Updated: 3/29/2017

Tarsal Tunnel Syndrome

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Introduction
  • compressive neuropathy caused by compression of the tibial nerve
    • may be subdivided into anterior  or posterior tarsal tunnel syndrome 
  • Mechanism
    • types of impingment
      • intrinsic
        • ganglion cyst  
        • tendonopathy
        • tenosynovitis
        • lipoma/tumor
        • peri-neural fibrosis
        • osteophytes
      • extrinsic
        • shoes
        • trauma
        • anatomic deformity (tarsal coalition, valgus hindfoot)
        • post-surgical scaring
        • systemic inflammatory disease
        • edema of the lower extremity
      • cause of impingement able to be identified in 80% of cases
  • Prognosis
    • results vary between 50-90% success
    • worse results with 'double crush' injuries and post-operative scarring
    • revision surgery less successful than index operation
Anatomy
  • Posterior tarsal tunnel  
    • an anatomic structure defined by
      • flexor retinaculum (laciniate ligament)
      • calcaneus (medial)
      • talus (medial)
      • abductor hallucis (inferior)
    • contents include
      • tibial nerve
      • posterior tibial artery
      • FHL tendon
      • FDL tendon
      • tibialis posterior tendon
  • Tibial nerve
    • has 3 distal branches
      • medial plantar
      • lateral plantar
      • medial calcaneal
      • the medial and lateral plantar nerves can be compressed in their own sheath distal to tarsal tunnel
      • bifurcation of nerves occurs proximal to tarsal tunnel in 5% of cases
  • Anterior tarsal tunnel  
    • flattened space defined by
      • inferior extensor retinaculum
      • fascia overlying the talus and navicular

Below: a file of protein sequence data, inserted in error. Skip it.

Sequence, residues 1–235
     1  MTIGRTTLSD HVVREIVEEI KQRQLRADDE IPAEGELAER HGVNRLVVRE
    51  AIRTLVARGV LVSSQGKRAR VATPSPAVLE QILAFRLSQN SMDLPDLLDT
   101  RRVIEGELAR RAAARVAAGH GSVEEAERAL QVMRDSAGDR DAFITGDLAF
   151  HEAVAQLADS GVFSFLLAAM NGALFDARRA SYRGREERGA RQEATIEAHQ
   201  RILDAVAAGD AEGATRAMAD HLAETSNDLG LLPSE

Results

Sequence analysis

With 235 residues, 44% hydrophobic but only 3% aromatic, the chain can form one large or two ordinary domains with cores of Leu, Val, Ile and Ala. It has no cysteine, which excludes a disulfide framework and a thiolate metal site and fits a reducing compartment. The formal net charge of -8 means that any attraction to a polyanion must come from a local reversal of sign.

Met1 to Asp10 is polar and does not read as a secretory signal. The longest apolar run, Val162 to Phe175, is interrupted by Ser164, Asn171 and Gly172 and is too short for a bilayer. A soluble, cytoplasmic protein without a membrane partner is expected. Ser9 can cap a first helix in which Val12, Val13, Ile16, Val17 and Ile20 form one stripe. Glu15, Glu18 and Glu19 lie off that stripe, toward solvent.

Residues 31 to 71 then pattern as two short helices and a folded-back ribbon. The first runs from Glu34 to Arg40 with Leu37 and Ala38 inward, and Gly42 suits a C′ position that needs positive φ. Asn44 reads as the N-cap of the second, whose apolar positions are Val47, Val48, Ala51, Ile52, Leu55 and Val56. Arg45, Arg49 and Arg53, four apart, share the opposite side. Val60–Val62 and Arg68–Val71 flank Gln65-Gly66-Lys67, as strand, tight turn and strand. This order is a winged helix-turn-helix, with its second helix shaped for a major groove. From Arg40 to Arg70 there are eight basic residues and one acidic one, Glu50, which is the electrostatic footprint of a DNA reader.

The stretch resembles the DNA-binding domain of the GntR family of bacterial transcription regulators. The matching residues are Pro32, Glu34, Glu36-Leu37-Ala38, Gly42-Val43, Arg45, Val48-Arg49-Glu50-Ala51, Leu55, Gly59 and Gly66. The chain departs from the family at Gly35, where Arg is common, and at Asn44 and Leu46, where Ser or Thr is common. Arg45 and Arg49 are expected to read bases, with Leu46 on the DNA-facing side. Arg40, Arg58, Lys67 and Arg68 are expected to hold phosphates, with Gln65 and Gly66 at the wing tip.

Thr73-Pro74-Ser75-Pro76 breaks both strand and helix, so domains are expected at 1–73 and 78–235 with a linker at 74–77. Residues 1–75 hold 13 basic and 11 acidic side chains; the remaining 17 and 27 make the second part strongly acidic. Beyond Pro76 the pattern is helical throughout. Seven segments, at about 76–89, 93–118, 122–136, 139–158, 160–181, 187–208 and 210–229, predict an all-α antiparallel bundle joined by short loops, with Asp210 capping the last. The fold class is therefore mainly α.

• contents include
      • deep peroneal nerve and branches
      • EHL
      • EDL
      • dorsalis pedis artery 
Presentation
  • History
    • may have previous trauma or surgery
  • Symptoms
    • pain
      • pain with prolonged standing or walking
      • often vague and misleading medial foot pain
      • sharp, burning pains in the foot
    • numbness
      • intermittent paresthesias and numbness in the plantar foot
    • may present as part of the "heel pain triad"   
      • posterior tibial tendon deficiency (adult-acquired flatfoot), plantar fasciitis, tarsal tunnel syndrome
      • believed to be due to loss of static and dynamic stabilizers of the medial arch and susequent traction neuropathy on the tibial nerve
  • Physical exam
    • tenderness of tibial nerve (tinel's sign)
    • sensory exam equivocal
    • pes planus
    • muscle wasting of foot intrinsics
      • abductor digiti quinti or abductor hallucis
    • pain with dorsiflexion and eversion of the ankle
    • compression test
      • plantar flexion and inversion of ankle
      • digital pressure over tarsal tunnel
        • highly senstitive and specific
Imaging 
  • Radiographs
    • weight-bearing radiographs provide osseous structure
  • MRI
    • may be helpful to rule out accessory muscle or soft-tissue tumor
Studies
  • EMG
    • positive finding include
      • distal motor latencies of 7.0 msec or more
      • prolonged SENSORY latencies of more than 2.3 msec
        • sensory (SAP) more likely to be abnormal than motor
      • decreased amplitude of motor action potentials of
        • abductor hallucis
        • or abductor digiti minimi
  • Diagnosis
    • history is often most useful diagnostic aid
Treatment
  • Nonoperative
    • lifestyle modifications, medications
      • indications
        • usually ineffective
      • medications
        • anti-inflammatory medications
        • SSRIs have been used
      • bracing
        • orthosis or foot wear changes to address alignment of hindfoot
        • can try a period of short-leg cast
  • Operative
    • surgical release of tarsal tunnel
      • indications
        •  after 3-6 months of failed conservative management and
          • compressive mass (ganglion cyst) identified
          • positive EMG
          • reproducible physical findings
      • outcomes
        • best results following surgery are in cases where a compressing anatomic structure (ganglion cyst) is identified and removed 
        • traction neuritis does not respond as well to surgery
Technique
  • Tarsal Tunnel Surgical Release 
    • approach
      • identify the nerve proximally
    • decompression
      • layers that must be released include
        • flexor retinaculum
        • deep investing fascia of lower leg
        • superficial and deep fascia of abductor hallucis
Complications
  • Recurrence
    • usually caused by inadequate release
    • repeat tarsal tunnel release not recommended
 

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